Looking ahead to the Autumn Statement, the optimism about their own business prospects does not extend to the broader political environment, with just 27% saying they are optimistic ahead of the Autumn Statement, 22% are apprehensive, and 28% say they are pessimistic.
Of the issues the Chancellor is expected to address, SME leaders in the manufacturing sector most want to see an increase in the threshold for Small Business Rate Relief (52%), increase in the R&D tax relief (37%), measures to support the labour market, for example, childcare support and pension changes (28%), as well as an increase in the SME credit rate, and clarity on government policy (both 23%).
Mike Tomlinson, Managing Director at Three Business commented: “Small and medium businesses are the lifeblood of the UK economy. It’s great to see the strong sense of optimism and learned resilience that’s coming through among all SME leaders, in particular in the manufacturing sector. These leaders have shown that they have risk-proofed their businesses and are now ready to invest in their future, grow and take on the challenges of the next 12 months. At Three Business, we work in partnership with SMEs in all sectors and regions to make sure connectivity is an enabler for growth.”
Insiya Jafferjee and Amir Afshar, Founders of bio-tech company Shellworks in North London, say: “The last four years have been a rollercoaster. Like most businesses we have been impacted by the pandemic and wider economic disruption. But we have managed to come out the other side, grown our team and even secured contracts with some of the leading brands in our category. We have recently moved into a new office in North London that will allow us to expand our workshop and lab, and we are hopeful we can make big strides in the year ahead and help more businesses transition to a waste-free future.”
Commenting on why she’s supporting the Ambition Index, business mogul, investor, mentor and TV star, Sara Davies says: “The last few years have presented numerous, often unforeseen challenges, but I work with some amazing businesses and leaders and have been so impressed by their resilience and how they have adapted. The UK’s SMEs are vital contributors to the economy and to their communities, and I’m genuinely excited looking ahead to next year knowing there is so much appetite for growth and investment, as The Ambition Index shows.”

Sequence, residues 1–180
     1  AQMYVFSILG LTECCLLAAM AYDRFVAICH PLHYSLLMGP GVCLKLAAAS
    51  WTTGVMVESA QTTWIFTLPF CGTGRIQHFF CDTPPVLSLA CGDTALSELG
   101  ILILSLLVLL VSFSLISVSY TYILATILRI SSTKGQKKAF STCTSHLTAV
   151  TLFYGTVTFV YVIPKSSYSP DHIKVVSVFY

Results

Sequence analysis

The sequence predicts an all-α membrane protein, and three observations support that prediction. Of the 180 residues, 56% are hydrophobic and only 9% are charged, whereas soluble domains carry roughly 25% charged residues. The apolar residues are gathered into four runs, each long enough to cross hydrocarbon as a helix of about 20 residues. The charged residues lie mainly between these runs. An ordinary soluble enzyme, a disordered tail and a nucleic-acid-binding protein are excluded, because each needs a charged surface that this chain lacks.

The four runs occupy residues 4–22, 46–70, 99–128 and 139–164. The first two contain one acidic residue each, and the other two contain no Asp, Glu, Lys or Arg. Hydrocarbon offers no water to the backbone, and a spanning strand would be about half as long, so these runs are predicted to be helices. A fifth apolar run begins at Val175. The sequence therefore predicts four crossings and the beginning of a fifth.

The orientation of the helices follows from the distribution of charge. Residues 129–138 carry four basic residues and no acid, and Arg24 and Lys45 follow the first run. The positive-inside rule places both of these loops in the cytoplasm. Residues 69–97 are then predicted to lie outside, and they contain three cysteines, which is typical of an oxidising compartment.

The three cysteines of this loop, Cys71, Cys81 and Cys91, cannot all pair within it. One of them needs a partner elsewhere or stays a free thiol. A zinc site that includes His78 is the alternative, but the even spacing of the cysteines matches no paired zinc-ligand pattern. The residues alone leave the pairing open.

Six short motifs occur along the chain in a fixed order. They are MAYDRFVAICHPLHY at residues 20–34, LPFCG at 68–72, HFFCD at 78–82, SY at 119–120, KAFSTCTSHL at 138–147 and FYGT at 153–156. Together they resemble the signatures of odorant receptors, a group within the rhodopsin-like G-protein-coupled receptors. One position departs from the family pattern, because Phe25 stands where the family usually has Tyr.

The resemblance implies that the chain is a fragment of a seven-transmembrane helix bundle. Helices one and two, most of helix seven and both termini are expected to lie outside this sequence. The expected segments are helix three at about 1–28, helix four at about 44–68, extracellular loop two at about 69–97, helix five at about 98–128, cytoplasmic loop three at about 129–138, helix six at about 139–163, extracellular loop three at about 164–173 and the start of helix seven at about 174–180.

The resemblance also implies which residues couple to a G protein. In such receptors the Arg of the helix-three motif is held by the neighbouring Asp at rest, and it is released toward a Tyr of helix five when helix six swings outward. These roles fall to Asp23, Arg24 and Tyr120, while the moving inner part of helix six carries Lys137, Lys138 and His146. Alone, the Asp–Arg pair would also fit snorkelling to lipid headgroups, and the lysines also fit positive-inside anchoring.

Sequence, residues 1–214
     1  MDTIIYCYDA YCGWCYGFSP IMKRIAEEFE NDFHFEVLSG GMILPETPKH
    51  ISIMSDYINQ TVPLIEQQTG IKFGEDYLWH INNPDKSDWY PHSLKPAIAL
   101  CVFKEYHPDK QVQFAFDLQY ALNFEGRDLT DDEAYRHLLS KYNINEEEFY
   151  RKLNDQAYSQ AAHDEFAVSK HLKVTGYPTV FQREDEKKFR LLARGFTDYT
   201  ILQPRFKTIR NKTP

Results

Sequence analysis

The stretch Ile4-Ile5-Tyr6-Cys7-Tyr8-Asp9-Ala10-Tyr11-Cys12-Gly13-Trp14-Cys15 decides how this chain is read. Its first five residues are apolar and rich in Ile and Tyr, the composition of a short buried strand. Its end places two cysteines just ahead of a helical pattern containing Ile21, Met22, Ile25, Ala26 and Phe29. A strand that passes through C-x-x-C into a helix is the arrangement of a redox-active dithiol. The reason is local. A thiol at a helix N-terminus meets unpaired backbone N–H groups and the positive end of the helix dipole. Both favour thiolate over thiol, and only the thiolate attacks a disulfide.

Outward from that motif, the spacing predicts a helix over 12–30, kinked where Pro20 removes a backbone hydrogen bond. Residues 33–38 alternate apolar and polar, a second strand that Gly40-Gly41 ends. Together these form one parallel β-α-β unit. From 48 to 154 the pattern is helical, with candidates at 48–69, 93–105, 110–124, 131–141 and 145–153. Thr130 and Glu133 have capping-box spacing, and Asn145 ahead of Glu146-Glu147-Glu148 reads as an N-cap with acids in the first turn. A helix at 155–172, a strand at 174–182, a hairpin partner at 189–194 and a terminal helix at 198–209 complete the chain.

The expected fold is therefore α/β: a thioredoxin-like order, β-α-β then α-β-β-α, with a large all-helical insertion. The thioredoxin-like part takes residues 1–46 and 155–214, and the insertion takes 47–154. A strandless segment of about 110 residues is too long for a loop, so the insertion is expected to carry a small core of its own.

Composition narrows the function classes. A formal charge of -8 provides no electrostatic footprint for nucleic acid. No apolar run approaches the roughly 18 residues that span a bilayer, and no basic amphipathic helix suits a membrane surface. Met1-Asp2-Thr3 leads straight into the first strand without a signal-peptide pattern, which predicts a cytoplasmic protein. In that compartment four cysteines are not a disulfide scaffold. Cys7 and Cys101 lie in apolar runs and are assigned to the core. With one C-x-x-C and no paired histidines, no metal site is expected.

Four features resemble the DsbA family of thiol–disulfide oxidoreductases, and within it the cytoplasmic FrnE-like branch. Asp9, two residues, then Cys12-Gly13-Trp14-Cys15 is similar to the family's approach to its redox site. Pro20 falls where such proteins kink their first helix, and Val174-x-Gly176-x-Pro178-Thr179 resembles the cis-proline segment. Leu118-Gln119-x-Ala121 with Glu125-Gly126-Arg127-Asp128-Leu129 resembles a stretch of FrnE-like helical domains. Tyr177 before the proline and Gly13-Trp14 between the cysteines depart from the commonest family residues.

The UK picture for SMEs
Across the board, UK SMEs are looking forward to an average of 15% year-on-year revenue growth, bringing overall SME turnover from £2tn in 2023 to £2.3tn next year. They are collectively planning to invest £252 billion in growth in 2024, a 27% increase compared with 2022. This means that UK SMEs are planning to invest a sum that is approximately equal to the value of the economy of Finland during 2024.
Investment in recruitment is on the agenda of business leaders across all sectors, with almost a quarter (24%) saying they are planning to make it a priority. This would make for an estimated collective spend of £20.4bn, equivalent to an extra 630,000 jobs paying the UK average annual salary of £32,000 per year.
Other areas of investment focus for SMEs in 2024 include:
- Marketing, with a collective estimated planned spend of £35.1bn
- Staff training and development - £27.2bn
- Customer service - £24.7bn
- Improving facilities or tools - £22.3bn
- Digital technologies, including AI - £19.7bn
 Calculated using baseline 2023 revenues from ONS data, October 2023